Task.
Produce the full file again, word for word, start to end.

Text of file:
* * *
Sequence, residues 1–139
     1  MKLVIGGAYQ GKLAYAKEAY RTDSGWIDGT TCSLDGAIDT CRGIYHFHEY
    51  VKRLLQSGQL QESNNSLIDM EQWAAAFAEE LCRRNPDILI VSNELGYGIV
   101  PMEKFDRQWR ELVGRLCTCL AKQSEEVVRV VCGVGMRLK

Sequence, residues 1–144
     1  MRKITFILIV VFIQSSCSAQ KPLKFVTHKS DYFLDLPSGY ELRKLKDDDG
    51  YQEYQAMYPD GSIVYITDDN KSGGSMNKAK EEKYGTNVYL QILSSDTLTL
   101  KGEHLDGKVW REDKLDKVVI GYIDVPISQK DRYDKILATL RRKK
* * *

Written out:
Sequence, residues 1–139
     1  MKLVIGGAYQ GKLAYAKEAY RTDSGWIDGT TCSLDGAIDT CRGIYHFHEY
    51  VKRLLQSGQL QESNNSLIDM EQWAAAFAEE LCRRNPDILI VSNELGYGIV
   101  PMEKFDRQWR ELVGRLCTCL AKQSEEVVRV VCGVGMRLK

Sequence, residues 1–144
     1  MRKITFILIV VFIQSSCSAQ KPLKFVTHKS DYFLDLPSGY ELRKLKDDDG
    51  YQEYQAMYPD GSIVYITDDN KSGGSMNKAK EEKYGTNVYL QILSSDTLTL
   101  KGEHLDGKVW REDKLDKVVI GYIDVPISQK DRYDKILATL RRKK